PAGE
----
Fixing the Skills Gap

11 Jan 2016

As technology evolves, those tasked with building and maintaining it must continually learn new skills or risk being left behind. But have we now reached a crunch point where only a very small elite can grasp the skills needed to make technology work? If so, what does this mean for the majority of technology professionals and the businesses they work for?

Web = Complexity

Common technology visions struggle to deliver their promised benefits. Ideas of modern CIOs delivering their services with means of various web technologies, saving money through lower operational costs and engaging customers with a responsive web design – are not always attainable. This is due to people’s ability to understand and operate technology, manage risks, co-ordinate dependencies and work together effectively. People and time are the limiting factor.

Abstraction promises to reduce the skills needed by the developer, with technology such as JavaScript offering reduced complexity. However to truly understand and optimally deploy these new frameworks, it requires a great deal of time and skill. Networking and backend services need to be considered, alongside inconvenient basics like authentication, access control and performance. These factors increase complexity by an order of magnitude and require an entirely different set of skills to those used in the web browser.

User interface designers and business process analysts are needed to ensure the solution works when used by real humans.

Finally, using agile to co-ordinate all these people works well with a small group of talented individuals motivated and focused on a simple tightly defined task.

Problem Solvers

Many entering the workforce are not adequately prepared with the problem solving and initiative skills required to thrive in the technology industry.

Recruiters and HR professionals are increasingly under pressure to fill roles from a limited workforce. The capability bar is lowered and increasingly mediocre people perpetuate technology problems rather than solving them.


Here are some thoughts on how to start fixing the issues:

Focus technology projects on fixed price and fixed specifications written in terms of business outcomes, not technology components.

When assessing the business value of a technology project always double time and cost estimates given by the people who will actually do the work.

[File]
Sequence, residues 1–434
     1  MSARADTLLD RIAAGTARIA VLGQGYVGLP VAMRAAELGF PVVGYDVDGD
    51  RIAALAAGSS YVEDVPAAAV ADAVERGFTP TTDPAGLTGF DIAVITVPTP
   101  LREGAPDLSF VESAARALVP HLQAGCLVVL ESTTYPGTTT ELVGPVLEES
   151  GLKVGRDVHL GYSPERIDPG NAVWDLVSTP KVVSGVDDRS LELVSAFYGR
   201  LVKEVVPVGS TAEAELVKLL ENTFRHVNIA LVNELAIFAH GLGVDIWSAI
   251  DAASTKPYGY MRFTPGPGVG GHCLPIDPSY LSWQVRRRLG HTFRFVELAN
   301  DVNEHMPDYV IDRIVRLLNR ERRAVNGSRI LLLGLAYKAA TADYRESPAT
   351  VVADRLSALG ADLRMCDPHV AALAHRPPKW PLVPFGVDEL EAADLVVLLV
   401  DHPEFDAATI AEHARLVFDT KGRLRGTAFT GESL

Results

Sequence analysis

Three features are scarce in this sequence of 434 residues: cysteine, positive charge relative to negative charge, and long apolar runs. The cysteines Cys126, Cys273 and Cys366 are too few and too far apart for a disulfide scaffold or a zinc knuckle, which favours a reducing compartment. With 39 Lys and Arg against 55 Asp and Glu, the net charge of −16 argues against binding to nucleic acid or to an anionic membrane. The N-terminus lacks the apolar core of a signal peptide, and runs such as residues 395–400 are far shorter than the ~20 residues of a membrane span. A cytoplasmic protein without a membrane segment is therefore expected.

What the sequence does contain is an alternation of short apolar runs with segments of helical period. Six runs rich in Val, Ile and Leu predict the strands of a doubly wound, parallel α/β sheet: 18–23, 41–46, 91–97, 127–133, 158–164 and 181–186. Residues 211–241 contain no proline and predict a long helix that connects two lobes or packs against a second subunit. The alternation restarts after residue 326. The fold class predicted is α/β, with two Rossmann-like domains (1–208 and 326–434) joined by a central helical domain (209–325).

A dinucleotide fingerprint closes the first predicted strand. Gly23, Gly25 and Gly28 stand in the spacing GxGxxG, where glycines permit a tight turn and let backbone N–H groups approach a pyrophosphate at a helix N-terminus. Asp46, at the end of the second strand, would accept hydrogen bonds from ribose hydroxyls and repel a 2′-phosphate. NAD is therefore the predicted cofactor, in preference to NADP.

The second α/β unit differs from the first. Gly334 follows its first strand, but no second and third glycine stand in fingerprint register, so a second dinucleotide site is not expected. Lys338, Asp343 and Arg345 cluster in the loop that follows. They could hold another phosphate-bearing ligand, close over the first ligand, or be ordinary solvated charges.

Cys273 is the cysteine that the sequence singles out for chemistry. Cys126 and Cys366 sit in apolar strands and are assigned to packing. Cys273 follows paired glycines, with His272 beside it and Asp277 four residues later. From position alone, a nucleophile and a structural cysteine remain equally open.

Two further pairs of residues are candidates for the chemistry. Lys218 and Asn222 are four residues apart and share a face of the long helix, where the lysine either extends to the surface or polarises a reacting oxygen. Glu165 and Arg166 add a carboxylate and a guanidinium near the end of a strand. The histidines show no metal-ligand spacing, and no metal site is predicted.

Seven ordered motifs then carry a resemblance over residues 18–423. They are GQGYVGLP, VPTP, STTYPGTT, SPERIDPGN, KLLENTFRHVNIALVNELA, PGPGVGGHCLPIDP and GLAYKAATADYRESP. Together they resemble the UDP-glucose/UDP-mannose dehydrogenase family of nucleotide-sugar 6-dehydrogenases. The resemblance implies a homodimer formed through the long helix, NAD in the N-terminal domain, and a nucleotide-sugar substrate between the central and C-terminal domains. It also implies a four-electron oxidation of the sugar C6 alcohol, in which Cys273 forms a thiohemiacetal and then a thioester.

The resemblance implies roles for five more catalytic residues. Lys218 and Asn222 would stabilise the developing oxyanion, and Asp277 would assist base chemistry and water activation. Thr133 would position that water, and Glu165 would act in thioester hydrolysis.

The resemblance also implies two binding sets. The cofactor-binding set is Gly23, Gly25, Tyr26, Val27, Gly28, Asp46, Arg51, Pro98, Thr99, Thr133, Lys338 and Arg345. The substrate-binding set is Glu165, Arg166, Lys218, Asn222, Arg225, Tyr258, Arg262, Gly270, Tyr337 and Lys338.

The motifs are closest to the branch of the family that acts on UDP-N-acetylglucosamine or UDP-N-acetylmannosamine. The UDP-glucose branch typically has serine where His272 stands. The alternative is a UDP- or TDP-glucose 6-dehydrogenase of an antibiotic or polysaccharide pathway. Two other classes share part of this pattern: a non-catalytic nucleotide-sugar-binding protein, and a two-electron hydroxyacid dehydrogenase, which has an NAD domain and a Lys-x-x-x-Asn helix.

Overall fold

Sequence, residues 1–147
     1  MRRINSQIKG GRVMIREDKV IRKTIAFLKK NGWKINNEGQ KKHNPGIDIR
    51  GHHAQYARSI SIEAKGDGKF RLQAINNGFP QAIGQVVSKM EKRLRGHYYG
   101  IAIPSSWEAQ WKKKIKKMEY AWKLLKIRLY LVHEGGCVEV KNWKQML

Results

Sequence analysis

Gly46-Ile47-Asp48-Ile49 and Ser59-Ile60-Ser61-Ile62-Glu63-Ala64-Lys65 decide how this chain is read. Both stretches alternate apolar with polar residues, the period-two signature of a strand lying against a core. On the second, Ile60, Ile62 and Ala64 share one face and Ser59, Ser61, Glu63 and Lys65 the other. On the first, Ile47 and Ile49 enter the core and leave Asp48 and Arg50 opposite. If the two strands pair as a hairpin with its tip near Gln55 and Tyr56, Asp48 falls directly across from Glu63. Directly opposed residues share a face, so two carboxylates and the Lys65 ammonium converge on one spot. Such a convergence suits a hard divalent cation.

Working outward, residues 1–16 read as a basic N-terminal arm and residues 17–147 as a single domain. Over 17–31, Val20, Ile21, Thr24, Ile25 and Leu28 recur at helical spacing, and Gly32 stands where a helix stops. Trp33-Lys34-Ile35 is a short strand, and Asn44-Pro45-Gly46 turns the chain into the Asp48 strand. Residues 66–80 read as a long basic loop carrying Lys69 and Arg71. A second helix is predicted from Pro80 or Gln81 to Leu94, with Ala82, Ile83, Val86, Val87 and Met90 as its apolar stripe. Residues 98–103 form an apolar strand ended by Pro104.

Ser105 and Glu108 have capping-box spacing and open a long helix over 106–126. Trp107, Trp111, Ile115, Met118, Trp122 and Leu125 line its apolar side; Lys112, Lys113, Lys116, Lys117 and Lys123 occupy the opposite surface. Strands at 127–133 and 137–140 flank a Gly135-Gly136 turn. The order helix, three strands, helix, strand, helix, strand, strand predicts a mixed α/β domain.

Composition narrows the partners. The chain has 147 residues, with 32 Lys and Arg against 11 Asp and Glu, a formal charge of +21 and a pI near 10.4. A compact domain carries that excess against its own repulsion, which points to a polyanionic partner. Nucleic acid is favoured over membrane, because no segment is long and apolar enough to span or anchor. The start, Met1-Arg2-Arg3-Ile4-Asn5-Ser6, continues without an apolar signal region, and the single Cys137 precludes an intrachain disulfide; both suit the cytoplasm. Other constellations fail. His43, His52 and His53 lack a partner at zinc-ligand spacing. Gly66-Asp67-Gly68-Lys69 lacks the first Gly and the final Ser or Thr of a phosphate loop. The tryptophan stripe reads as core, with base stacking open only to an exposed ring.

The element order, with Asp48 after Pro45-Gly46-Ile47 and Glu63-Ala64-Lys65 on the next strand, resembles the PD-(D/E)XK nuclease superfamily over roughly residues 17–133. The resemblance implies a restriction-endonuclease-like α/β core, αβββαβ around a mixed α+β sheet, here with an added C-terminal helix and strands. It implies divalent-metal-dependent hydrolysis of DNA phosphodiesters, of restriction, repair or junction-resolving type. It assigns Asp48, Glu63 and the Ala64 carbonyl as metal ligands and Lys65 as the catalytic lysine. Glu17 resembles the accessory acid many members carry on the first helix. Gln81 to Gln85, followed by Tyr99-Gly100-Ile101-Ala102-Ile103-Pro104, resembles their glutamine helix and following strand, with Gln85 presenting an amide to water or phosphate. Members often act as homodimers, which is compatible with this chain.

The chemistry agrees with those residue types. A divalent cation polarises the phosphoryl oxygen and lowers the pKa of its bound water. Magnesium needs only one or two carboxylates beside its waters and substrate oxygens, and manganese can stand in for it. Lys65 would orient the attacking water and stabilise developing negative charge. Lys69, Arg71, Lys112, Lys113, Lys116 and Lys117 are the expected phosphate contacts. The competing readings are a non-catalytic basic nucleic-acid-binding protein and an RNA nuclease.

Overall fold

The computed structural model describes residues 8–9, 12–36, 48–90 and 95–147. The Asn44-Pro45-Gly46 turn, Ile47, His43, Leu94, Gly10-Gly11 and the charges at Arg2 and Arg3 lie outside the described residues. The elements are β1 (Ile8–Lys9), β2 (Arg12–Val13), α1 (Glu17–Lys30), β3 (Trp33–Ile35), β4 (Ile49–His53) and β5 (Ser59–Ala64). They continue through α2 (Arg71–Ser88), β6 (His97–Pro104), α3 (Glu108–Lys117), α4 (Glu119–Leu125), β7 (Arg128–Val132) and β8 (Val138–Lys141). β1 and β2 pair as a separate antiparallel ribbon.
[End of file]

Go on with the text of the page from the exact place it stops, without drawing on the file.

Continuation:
The selection of new technology no matter how small should be subject to rigorous evaluation based primarily on business benefits.

If you don’t need to use web technology, don’t use web technology.

At interview ask web professionals to use notepad to write some basic HTML and CSS. Those that can’t, don’t really understand it.

When interviewing developers ask them to write the pseudo code for a divide and conquer algorithm, bubble sort, or linked list.

If being really good at one technology is hard, then keep the number of technologies used to the bare minimum.

CIOs and CTOs who come from a business rather than technology background are increasingly common. Make sure they’re supported by a strong and experienced technology leader who does understand the technology.

Testing is very important.


By reducing both the complexity of the technology deployed and raising the capability of technologists, the problems the technology industry face will start to be addressed. Both short term and longer term actions are the responsibility of technology leaders, who need to make more time available to address these challenges.

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About the Author

James Rosewell has 23 years’ experience working in the IT sector in almost every role imaginable. He founded and is CEO of 51Degrees, a small technology business specialising in device detection, producing open source solutions used by more than 1.5 million web sites globally. 51Degrees tools simplify creating web sites for mobile, tablets and desktop devices ensuring business return on investment is optimised. Clients include Unilever, eBay, Microsoft, IBM and 1000s more with case studies on-line.


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